Copy the Legolas A (front) template onto 4mm MDF (you may want to do the drawing by yourself, but the simplest way is to cut out the template and glue it directly onto the MDF). Note that the positions of the cardboard harmonica elements of Gandalf (white) and Aragorn (green) are marked on the template; note also that there is a black boundary line between them.

Copy also the Legolas B (back) template of the frame, as well as the connection strips of Legolas C (2X) and Legolas D onto 4mm MDF. Note that the positions for the strips are marked in grey on the Legolas B template.

Have all elements slightly sanded. Next, glue the three connection strips at their proper places onto the Legolas B element (study the picture). Glue the Legolas A front-element into position. Make sure that the frame is able to stand dead straight; at the same time, check the alignment with your finished "Gateway" element. Make adjustments if necessary.


Copy the Aragorn A and Gandalf A templates onto 1mm cardboard. This time we recommend you to do the drawing manually. Use a red pencil for the incision lines. Also, copy all dotted guidelines. In order to obtain the 'harmonica' pattern we have to copy the Aragorn B and Gandalf B templates onto the back of both elements. Note that we have already reorientated these templates for you: left-right has become right-left. Make sure that the red incision lines do form an alternating pattern on the front side and the back (see also: Step 1). Bend all strips back and forth into the familiar 'harmonica'-shape. Press them tightly together to obtain the optimal effect; notably the Aragorn sheet rises to the challenge. A Japanese fan is what we want to hold. When the bending is complete we want you to make a small cut into the last strip on the right of the Aragorn element, at the height of 9.4cm (the spot is marked on the template).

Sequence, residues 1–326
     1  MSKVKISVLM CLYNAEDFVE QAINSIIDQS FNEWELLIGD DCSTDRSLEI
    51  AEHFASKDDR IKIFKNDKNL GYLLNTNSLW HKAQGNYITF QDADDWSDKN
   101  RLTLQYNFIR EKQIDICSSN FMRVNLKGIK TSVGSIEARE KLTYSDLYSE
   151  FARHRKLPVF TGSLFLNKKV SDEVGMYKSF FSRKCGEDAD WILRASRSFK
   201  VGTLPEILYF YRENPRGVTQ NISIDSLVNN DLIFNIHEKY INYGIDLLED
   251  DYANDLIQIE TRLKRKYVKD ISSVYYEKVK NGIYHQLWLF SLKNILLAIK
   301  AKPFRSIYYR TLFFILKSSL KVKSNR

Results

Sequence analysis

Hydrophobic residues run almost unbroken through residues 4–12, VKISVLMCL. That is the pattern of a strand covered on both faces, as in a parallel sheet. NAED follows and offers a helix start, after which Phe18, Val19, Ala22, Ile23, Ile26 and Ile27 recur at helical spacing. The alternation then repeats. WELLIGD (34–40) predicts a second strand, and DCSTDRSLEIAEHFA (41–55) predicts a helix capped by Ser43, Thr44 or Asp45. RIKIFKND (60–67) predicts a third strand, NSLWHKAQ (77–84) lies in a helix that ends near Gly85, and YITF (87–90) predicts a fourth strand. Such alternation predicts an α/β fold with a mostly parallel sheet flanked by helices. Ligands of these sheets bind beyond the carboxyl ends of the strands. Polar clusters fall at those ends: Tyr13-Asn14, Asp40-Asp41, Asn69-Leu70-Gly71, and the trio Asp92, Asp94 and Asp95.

We're going to fix both elements onto the MDF frame as follows:
  1. glue the left 0.55cm grey Aragorn-strip onto the dark green strip on the frame;

  2. glue the right 0.8cm grey Gandalf-strip to the side of the frame (as in: Step 2);

  3. Morannon(5)

  4. stretch out the Aragorn element up to the black boundary line and glue the strips to the frame (study step 2 for the correct way to do so); glue the upper part against the side of the frame; take care you keep the harmonica ribs in shape, especially the one on the right with the 'halfway' cut (study the pictures);

  5. in the same way, stretch out the Gandalf element and glue the strips to the frame, with the end strip touching the Aragorn element.

  6. mask the incisions in the cardboard by using painter's tape; use 0.6cm x 8.0cm strips for the Gandalf element and 0.6cm x 17.0cm strips for the Aragorn element (see also: Step 2).
To decorate the harmonica frame we are going to need some of the "Gateway" templates.


Cut out seven more Gimli Small elements. Glue them into place as shown at the picture, i.e. "into" the first seven valleys counted from the right (see also: Step 3). Note that in the future, rocks are going to cover the wall beyond the last Gimli element.

Mask the incisions in the cardboard of the Gimli elements by using 0.6cm strips of painter's tape.

Cut out eleven more Pippin elements and glue them into position onto the frame (see also: Step 4).

Cut out sixteen more Merry elements. Eleven of them are going to be glued onto the frame along the horizontal 5.8cm guideline (see also: Step 4). Note that the first Merry on the right has to be fixed 'around the corner'.

The remaining Merry's are going to be glued along the diagonal guideline, in such a way that their left wing-tip is touching the line (study the picture); however, we will leave out the fifth Merry until the moment arrives to put the parapet into place.

Mask the incisions in the Merry elements by using 0.6cm strips of painter's tape (don't cover the front spikes). We use tape-lengths of 2.5cm for the first eleven elements and tape-lengths of 3.5cm for the remaining elements. We want to have it look like if the Merry element 'is blending into' the frame rib.